Many people with dysautonomia experience heat or cold intolerance.
Dysautonomia symptoms may be exacerbated by heat, especially if the individual experiences insufficient sweating. For others, poor circulation caused by low blood volume or blood pooling can cause cold intolerance.
The most important rules of thermoregulation are to listen to and address your body’s temperature needs by avoiding environments that are too hot or too cold or adapting via the strategies below.
Managing Heat Intolerance
Those with heat intolerance may find their symptoms can be managed by wearing cooling vests, using cool compresses or ice packs, sleeping on a cooling mattress pad, or carrying a mini portable fan. Air conditioners in the home are a must for these individuals. Additionally, taking lukewarm showers may make showering easier and less likely to trigger symptoms.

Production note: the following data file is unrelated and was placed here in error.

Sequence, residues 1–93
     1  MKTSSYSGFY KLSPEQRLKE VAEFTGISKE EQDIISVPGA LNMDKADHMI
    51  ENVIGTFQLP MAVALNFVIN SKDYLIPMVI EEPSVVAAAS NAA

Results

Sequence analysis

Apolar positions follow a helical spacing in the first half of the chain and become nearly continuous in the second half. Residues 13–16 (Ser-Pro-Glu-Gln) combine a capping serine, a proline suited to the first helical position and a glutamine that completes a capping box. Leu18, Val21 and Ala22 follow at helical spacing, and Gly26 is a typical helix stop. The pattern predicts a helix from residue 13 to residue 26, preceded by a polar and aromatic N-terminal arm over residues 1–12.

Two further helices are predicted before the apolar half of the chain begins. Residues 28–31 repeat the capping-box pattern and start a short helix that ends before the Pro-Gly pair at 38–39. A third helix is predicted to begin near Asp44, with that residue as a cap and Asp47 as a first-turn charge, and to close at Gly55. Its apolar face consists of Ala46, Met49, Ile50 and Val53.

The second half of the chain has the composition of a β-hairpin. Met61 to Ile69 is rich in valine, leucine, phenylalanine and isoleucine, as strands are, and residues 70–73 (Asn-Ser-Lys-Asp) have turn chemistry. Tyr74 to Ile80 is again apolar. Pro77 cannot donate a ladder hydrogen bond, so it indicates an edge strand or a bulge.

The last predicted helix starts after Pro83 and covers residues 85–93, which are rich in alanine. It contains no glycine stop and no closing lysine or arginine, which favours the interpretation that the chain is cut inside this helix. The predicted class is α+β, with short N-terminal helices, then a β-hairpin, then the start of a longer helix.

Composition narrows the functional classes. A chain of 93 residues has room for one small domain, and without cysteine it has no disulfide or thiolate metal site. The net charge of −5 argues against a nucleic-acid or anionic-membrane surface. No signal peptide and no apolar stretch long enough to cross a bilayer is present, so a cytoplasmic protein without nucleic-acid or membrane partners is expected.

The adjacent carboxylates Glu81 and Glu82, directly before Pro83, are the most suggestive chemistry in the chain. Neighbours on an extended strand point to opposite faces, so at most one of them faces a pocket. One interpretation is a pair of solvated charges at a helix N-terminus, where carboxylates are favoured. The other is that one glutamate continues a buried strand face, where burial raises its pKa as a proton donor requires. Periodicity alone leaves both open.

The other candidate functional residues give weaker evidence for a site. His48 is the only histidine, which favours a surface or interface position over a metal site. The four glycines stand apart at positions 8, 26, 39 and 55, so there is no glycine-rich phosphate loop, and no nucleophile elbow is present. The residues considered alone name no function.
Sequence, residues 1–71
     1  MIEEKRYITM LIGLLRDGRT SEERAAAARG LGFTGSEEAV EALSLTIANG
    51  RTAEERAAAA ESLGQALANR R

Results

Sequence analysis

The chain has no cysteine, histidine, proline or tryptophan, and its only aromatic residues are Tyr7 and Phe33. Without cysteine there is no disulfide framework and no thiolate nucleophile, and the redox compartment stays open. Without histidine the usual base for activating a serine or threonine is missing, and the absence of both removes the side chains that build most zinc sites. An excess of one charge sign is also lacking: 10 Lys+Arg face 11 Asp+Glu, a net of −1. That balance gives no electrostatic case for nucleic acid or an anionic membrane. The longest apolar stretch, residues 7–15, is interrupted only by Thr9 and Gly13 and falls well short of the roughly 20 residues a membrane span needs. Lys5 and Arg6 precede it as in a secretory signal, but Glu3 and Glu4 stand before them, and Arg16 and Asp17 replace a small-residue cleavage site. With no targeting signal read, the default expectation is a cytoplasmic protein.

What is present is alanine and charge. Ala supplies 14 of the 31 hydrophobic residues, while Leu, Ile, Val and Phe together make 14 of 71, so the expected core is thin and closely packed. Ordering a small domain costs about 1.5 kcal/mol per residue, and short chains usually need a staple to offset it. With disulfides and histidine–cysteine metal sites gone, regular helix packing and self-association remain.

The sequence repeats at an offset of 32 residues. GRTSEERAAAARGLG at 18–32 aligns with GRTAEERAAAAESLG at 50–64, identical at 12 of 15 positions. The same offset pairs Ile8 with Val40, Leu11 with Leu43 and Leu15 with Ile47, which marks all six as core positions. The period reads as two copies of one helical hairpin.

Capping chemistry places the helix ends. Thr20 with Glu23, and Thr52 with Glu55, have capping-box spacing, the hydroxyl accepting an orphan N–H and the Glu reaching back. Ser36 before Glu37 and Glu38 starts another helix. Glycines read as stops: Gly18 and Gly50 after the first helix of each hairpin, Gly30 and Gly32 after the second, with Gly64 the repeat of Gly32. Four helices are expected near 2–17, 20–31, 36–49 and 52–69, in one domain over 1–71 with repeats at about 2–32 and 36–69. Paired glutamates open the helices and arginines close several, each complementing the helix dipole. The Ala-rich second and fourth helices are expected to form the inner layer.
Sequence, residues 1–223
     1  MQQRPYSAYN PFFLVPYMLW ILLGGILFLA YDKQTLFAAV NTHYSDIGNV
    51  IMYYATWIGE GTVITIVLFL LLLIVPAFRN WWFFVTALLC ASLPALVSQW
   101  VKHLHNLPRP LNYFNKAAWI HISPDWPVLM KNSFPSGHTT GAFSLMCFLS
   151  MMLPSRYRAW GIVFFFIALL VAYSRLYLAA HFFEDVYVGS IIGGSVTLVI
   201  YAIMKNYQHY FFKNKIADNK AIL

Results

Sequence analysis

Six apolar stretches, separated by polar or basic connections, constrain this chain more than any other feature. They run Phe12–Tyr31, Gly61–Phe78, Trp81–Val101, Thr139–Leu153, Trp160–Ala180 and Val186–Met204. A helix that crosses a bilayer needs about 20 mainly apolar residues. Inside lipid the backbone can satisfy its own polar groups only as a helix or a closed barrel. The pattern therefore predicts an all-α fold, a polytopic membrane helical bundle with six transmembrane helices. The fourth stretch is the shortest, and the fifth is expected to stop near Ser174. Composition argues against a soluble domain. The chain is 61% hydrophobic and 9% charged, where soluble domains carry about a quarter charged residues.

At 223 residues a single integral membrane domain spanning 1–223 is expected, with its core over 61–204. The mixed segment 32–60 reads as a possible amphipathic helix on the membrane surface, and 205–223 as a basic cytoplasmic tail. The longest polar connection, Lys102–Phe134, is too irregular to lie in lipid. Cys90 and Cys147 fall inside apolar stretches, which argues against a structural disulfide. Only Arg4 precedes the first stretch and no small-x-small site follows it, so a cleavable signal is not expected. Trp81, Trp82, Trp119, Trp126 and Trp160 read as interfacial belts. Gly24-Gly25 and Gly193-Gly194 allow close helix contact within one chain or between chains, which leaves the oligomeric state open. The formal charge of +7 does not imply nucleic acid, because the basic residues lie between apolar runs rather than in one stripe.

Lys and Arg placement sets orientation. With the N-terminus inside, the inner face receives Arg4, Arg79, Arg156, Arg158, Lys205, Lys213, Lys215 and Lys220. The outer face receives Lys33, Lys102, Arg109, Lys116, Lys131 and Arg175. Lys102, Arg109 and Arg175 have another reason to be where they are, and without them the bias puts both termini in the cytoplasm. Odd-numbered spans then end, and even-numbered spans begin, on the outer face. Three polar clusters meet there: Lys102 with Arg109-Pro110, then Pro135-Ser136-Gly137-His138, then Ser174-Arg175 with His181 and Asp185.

Managing Cold Intolerance
There are generally two ways to manage cold intolerance: systemic and local warming. Systemic warming is achieved by keeping the entire body warm with layered clothing, including gloves and hats, and avoiding large and fast temperature shifts like entering into an air-conditioned area after being outside in the heat. ¹ Heated blankets and heated mattress pads can also help. Local warming includes solely addressing the cold extremities. Examples include: using hand warmers, layers of socks, warm compresses, and rubbing or soaking the hands or feet in warm water. ²
Reviewed by Medical Content Experts, 2021